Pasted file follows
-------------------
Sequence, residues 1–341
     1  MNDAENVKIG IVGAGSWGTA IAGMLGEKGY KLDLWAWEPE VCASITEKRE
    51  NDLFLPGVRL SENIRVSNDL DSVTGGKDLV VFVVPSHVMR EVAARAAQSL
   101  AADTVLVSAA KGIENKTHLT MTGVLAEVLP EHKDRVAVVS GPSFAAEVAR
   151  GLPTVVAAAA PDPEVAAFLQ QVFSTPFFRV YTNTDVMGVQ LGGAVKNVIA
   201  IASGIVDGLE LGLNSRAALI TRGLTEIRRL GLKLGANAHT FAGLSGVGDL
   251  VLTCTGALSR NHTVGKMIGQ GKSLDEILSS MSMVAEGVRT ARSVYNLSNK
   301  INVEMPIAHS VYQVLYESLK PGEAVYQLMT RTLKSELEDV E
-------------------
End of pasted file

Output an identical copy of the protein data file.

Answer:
Sequence, residues 1–341
     1  MNDAENVKIG IVGAGSWGTA IAGMLGEKGY KLDLWAWEPE VCASITEKRE
    51  NDLFLPGVRL SENIRVSNDL DSVTGGKDLV VFVVPSHVMR EVAARAAQSL
   101  AADTVLVSAA KGIENKTHLT MTGVLAEVLP EHKDRVAVVS GPSFAAEVAR
   151  GLPTVVAAAA PDPEVAAFLQ QVFSTPFFRV YTNTDVMGVQ LGGAVKNVIA
   201  IASGIVDGLE LGLNSRAALI TRGLTEIRRL GLKLGANAHT FAGLSGVGDL
   251  VLTCTGALSR NHTVGKMIGQ GKSLDEILSS MSMVAEGVRT ARSVYNLSNK
   301  INVEMPIAHS VYQVLYESLK PGEAVYQLMT RTLKSELEDV E